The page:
Economy, Regs, & Taxes

Have It Your Way — Pay Less Taxes

Burger King is taking it's own advice to "never miss a sweet deal."

Aug. 28, 2014

“Never miss a sweet deal.” That’s what you’ll see on the Burger King website home page, and it turns out the fast food giant is following its own advice. This week, BK announced it will purchase the Canada-based Tim Hortons coffee and donut chain and relocate its headquarters north of the border – where, incidentally, the corporate tax rate is more than 10 percentage points lower than the U.S. rate.

It’s the latest in a string of “inversions,” in which U.S. companies merge with foreign companies and then re-incorporate overseas (or, in this case, to Canada) to take advantage of lower tax rates. Burger King Executive Chairman Alex Behring insisted the move “is not a tax-driven deal” but instead “is fundamentally about growth and creating value through accelerated expansion.”

Of course, growth and accelerated expansion happen best when you’re not forced to send 35% of earnings to the federal government. (Even if the actual burden is less than 35%, reducing that burden is also expensive.) While the U.S. has the highest corporate tax rate in the world, the total business tax cost in Canada is a whopping 46% lower than the U.S., according to a study by KPMG, an audit, tax and advisory services firm. In fact, Canada is one of the most business-friendly nations on the planet. That value combo must sound mighty yummy to the whopper king.

Burger King insists it will still pay taxes in the U.S. on all U.S. earnings, but, with the move and the new Canadian address, profits earned worldwide through any global expansions will generally not be subject to the astronomical U.S. tax rate.

Naturally, those who believe that business earnings are, by default, the government’s (“you didn’t build that,” after all) and that Washington only deigns to let companies actually keep some of what they earn are crying foul. Sen. Sherrod Brown (D-OH) wasted no time calling for a boycott of Burger King, accusing the company of “abandon[ing] the United States.” This goes hand in glove with the Obama administration’s accusation that companies pursuing inversions lack “economic patriotism.”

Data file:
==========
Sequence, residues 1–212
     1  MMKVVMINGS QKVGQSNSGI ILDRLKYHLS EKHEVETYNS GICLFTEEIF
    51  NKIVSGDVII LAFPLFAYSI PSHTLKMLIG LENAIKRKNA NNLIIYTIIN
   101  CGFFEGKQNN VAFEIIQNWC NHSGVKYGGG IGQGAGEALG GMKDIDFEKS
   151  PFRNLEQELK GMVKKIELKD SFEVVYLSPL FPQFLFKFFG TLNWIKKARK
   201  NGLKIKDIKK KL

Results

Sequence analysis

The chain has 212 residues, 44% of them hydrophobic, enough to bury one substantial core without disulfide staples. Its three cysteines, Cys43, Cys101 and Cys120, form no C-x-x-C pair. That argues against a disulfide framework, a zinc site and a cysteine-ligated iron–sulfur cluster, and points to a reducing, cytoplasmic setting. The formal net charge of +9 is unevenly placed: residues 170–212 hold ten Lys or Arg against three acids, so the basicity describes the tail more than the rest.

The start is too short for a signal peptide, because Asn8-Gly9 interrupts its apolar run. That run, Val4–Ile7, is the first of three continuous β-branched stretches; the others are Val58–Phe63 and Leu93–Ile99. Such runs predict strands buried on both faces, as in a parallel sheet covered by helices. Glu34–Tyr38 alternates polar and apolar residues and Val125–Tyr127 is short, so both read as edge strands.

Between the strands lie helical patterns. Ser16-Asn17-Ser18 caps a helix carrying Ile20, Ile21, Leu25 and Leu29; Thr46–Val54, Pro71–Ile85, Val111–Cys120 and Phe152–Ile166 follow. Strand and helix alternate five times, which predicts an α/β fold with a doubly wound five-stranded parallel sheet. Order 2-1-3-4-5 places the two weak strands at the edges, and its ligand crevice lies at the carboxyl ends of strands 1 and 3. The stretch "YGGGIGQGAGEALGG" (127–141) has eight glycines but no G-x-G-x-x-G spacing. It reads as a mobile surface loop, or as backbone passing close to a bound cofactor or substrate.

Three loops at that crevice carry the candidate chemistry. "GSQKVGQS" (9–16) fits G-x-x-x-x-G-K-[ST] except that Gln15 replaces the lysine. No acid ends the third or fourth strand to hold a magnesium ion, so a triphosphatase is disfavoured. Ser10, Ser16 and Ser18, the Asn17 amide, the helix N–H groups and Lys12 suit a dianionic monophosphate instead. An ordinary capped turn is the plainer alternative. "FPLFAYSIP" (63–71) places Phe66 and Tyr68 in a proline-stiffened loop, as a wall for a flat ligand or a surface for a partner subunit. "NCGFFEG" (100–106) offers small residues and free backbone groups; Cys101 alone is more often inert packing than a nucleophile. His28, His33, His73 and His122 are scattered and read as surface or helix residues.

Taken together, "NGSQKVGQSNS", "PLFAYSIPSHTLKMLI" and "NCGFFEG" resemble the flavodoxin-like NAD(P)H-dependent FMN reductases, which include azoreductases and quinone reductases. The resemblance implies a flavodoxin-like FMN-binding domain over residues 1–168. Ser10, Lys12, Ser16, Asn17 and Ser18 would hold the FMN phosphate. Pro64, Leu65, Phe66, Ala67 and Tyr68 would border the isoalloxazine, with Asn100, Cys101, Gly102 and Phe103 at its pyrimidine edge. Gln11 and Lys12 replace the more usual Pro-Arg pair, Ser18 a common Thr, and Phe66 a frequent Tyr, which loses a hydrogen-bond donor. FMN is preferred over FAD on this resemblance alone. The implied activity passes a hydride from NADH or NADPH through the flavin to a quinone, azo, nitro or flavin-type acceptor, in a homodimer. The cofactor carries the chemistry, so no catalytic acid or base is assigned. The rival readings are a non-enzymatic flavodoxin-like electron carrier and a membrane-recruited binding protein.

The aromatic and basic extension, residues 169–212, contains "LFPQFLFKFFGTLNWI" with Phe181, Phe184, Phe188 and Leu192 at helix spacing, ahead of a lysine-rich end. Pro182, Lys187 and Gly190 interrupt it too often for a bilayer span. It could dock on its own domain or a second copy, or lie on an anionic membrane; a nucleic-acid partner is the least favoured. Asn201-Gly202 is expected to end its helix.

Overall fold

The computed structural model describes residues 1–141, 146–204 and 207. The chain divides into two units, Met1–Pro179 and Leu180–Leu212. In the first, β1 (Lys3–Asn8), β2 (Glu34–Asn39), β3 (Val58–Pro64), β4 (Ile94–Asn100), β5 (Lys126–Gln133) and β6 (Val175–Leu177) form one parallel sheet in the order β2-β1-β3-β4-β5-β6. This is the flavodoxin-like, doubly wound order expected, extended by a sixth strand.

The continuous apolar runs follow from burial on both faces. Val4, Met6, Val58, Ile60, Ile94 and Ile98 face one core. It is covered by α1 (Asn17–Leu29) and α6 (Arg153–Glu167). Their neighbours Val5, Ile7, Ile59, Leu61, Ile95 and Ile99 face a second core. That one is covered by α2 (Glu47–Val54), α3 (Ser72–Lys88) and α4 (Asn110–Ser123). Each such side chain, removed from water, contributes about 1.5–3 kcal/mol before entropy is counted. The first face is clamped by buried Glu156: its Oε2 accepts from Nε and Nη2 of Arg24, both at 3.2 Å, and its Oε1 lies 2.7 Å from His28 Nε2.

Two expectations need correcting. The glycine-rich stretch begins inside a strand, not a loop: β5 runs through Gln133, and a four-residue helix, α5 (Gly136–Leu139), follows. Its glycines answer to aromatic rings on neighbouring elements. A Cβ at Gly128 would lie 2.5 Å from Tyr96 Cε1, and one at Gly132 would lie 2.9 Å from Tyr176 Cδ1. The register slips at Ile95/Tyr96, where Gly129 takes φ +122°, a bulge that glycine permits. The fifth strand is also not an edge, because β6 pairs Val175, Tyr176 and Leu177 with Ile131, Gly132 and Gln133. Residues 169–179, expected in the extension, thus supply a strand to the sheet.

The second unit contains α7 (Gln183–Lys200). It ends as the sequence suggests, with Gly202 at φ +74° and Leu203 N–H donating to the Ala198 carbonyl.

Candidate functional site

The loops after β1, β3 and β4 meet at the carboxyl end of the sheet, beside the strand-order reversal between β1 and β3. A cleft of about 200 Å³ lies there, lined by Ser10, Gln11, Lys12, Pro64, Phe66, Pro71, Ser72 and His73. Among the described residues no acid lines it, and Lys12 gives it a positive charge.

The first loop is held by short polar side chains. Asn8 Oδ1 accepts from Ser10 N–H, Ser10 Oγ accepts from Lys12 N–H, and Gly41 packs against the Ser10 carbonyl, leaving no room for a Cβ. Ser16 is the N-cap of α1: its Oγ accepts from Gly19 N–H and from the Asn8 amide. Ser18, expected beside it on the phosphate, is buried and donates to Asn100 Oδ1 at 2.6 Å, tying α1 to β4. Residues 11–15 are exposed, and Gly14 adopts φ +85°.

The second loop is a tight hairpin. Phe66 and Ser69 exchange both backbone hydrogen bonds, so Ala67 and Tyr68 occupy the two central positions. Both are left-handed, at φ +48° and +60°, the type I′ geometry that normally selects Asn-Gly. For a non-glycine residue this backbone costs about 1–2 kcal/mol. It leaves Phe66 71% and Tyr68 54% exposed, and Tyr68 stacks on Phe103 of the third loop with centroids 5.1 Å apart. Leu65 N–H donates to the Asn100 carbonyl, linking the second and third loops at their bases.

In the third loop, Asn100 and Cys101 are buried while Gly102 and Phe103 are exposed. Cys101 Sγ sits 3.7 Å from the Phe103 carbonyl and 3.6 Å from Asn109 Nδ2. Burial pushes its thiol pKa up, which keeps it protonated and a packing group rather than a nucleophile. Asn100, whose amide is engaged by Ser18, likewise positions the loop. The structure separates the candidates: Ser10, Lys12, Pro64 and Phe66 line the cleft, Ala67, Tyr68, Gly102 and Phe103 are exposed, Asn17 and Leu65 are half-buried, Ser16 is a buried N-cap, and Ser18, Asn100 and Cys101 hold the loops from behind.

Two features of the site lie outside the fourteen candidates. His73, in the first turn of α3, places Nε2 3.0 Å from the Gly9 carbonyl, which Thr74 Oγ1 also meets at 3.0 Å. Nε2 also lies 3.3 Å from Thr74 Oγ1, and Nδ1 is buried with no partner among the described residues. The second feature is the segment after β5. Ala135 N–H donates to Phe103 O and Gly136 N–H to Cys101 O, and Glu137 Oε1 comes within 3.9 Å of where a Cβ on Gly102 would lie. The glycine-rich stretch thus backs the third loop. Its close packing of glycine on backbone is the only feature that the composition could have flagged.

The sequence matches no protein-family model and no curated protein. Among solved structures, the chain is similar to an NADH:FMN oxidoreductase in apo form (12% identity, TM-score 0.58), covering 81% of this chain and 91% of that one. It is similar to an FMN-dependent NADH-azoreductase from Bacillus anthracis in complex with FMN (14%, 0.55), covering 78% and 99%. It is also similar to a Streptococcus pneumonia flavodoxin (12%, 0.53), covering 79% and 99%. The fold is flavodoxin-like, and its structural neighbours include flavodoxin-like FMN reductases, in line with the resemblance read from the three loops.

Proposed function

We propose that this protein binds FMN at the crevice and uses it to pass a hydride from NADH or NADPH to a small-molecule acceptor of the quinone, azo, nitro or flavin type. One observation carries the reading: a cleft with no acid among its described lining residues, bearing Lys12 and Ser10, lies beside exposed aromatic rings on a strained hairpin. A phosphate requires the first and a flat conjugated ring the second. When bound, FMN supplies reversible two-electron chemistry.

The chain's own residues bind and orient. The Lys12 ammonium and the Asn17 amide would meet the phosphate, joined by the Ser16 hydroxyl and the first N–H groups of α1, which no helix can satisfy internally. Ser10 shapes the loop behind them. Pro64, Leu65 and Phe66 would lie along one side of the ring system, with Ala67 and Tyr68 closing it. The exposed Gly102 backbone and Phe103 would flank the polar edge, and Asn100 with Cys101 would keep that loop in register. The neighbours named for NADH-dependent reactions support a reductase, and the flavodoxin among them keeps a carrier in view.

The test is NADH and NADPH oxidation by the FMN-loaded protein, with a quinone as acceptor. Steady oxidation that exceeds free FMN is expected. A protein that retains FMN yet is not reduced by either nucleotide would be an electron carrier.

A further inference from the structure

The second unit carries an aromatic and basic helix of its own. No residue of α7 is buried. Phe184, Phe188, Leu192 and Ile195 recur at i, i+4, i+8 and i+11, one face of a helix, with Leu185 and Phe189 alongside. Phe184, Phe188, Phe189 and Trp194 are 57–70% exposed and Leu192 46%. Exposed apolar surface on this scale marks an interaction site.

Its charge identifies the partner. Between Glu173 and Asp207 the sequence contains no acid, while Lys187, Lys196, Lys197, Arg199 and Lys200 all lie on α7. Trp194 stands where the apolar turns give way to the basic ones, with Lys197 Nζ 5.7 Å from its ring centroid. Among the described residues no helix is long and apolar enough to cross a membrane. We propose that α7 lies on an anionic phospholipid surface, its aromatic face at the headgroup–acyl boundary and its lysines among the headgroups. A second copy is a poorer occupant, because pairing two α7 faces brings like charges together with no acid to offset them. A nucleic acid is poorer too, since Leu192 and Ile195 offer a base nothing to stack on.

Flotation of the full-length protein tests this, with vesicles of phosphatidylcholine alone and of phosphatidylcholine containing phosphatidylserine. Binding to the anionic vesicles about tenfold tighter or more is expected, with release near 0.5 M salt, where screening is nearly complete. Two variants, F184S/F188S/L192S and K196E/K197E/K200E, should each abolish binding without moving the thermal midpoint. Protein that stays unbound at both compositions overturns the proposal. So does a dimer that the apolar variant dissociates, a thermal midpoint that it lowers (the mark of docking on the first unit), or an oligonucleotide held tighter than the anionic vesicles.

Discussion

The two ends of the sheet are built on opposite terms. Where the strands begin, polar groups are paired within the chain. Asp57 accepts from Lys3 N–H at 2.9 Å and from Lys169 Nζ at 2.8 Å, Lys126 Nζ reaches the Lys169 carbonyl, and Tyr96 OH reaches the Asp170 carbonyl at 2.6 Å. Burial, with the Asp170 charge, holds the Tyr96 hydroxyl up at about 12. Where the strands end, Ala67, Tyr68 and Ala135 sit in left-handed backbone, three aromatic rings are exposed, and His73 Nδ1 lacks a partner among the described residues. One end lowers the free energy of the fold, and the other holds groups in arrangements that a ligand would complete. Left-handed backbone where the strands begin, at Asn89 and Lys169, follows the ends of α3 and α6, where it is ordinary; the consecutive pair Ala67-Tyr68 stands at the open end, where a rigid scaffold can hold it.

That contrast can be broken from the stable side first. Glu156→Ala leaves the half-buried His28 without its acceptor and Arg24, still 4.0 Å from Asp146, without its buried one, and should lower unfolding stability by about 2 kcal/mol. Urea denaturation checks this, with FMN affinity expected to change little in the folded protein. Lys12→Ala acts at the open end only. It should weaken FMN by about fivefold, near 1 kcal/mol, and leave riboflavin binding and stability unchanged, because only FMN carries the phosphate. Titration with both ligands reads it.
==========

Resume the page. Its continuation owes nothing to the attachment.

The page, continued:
Amusingly, while the president is suddenly interested in patriotism, the man who is effectively financing Burger King’s move is none other than Obama’s “we need to raise taxes on the rich” pal Warren Buffett. The billionaire financier’s Berkshire Hathaway is giving $3 billion towards the $11.4 billion dollar deal and will earn 9% interest annually. It’s truly astonishing how quickly Buffett managed to go from Obama tax-hike poster boy to downright “unpatriotically” helping Burger King avoid taxes. But that’s leftist hypocrisy for you.

It could be that for all his rhetoric (or, rather, despite it), Buffett recognizes a good deal when he sees one. And sadly, that good deal does not involve staying stateside when Washington pillages profits in the name of economic justice. Instead of targeting companies that create jobs and drive economic growth, the government should be incentivizing them to keep their U.S. addresses by lowering tax and regulatory burdens. That would be a deal that’s truly sweet.

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